"Guess?" Vizzini cried. "I don't guess. I think. I ponder. I deduce. Then I decide. But I never guess."

  "The battle of wits has begun," said the man in black. "It ends when you decide and we drink the wine and find out who is right and who is dead. We both drink, need I add, and swallow, naturally, at precisely the same time."

  "It's all so simple," said the hunchback. "All I have to do is deduce, from what I know of you, the way your mind works. Are you the kind of man who would put the poison into his own glass, or into the glass of his enemy?"

  "You're stalling," said the man in black.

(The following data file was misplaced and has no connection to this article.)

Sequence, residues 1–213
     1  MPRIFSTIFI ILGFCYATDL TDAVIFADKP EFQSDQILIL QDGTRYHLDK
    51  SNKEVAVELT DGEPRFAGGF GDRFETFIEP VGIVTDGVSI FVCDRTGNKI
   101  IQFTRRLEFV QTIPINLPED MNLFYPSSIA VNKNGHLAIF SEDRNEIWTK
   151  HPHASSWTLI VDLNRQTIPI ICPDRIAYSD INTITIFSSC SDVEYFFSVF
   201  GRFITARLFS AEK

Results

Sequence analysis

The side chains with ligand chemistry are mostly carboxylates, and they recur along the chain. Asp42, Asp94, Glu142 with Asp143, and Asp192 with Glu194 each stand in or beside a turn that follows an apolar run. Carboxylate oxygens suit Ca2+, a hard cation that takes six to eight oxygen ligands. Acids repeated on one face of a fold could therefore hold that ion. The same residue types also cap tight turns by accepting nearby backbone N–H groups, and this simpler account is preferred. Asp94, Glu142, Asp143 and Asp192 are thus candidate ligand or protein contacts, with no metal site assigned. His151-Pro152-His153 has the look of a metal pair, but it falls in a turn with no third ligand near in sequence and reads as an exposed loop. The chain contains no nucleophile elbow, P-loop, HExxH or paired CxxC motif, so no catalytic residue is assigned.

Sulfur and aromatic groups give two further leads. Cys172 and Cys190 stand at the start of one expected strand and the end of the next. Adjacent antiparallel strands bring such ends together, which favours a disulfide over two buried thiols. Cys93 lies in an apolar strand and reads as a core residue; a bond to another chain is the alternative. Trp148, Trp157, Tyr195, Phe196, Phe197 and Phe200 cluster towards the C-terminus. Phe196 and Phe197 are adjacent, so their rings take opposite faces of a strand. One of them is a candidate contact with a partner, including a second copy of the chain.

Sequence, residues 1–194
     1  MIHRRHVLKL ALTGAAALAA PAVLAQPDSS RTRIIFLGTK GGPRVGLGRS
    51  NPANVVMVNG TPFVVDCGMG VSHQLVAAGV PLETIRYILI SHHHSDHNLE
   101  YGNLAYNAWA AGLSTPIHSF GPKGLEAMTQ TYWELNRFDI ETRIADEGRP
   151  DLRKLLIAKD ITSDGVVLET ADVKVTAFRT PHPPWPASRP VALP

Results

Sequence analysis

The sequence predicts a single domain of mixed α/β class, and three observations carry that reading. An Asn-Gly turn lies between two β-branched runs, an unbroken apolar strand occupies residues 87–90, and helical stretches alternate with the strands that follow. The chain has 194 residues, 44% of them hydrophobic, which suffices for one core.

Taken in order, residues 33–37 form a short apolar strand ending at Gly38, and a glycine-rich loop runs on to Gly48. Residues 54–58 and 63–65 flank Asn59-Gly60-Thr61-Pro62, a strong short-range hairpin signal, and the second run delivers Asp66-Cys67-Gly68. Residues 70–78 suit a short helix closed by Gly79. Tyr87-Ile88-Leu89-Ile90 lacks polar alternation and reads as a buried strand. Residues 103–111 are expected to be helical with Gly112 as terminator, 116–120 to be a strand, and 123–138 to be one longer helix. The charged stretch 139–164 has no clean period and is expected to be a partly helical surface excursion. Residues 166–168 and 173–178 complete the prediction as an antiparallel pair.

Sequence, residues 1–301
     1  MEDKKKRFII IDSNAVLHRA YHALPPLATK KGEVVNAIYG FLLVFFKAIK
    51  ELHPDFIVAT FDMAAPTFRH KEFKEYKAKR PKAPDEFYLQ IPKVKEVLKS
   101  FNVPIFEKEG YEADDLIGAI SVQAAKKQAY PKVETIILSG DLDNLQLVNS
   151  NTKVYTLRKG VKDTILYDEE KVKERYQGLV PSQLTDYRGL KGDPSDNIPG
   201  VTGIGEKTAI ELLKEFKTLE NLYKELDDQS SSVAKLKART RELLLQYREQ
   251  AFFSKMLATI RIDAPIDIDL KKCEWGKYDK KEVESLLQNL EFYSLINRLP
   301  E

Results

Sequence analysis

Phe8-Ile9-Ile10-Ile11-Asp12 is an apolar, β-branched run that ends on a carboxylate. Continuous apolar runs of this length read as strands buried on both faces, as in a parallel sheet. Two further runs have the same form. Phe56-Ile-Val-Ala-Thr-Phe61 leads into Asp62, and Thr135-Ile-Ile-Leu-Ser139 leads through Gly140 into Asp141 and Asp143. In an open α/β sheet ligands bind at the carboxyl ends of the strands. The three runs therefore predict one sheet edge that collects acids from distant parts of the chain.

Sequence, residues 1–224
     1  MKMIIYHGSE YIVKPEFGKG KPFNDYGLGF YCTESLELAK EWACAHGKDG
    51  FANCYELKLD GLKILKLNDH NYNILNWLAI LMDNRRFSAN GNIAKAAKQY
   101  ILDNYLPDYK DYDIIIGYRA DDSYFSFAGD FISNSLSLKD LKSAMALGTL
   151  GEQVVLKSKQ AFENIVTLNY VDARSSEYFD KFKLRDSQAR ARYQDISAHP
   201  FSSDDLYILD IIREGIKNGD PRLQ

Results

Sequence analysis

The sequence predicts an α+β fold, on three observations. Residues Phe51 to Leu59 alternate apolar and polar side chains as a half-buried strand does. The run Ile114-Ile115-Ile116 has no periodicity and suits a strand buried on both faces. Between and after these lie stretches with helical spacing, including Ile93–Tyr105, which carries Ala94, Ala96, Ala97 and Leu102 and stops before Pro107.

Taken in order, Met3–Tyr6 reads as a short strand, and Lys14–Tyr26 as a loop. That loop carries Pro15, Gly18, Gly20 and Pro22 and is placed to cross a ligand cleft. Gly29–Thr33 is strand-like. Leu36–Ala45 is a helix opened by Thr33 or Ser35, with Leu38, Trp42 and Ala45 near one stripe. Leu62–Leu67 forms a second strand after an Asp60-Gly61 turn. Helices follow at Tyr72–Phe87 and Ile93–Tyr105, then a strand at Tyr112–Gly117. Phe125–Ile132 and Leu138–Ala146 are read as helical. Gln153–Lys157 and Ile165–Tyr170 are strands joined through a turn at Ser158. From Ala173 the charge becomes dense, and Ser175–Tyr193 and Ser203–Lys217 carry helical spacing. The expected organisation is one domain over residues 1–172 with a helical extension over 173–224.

"I'm relishing is what I'm doing," answered the Sicilian. "No one has challenged my mind in years and I love it. ... By the way, may I smell both goblets?"

  "Be my guest. Just be sure you put them down the same way you found them."

  The Sicilian sniffed his own glass; then he reached across the kerchief for the goblet of the man in black and sniffed that. "As you said, odorless."

  "As I also said, you're stalling."

  The Sicilian smiled and stared at the wine goblets. "Now a great fool," he began, "would place the poison in his own goblet, because he would know that only another great fool would reach first for what he was given. I am clearly not a great fool, so I will clearly not reach for your wine."

  "That's your final choice?"

  "No. Because you knew I was not a great fool, so you would know that I would never fall for such a trick. You would count on it. So I will clearly not reach for mine either."

  "Keep going," said the man in black.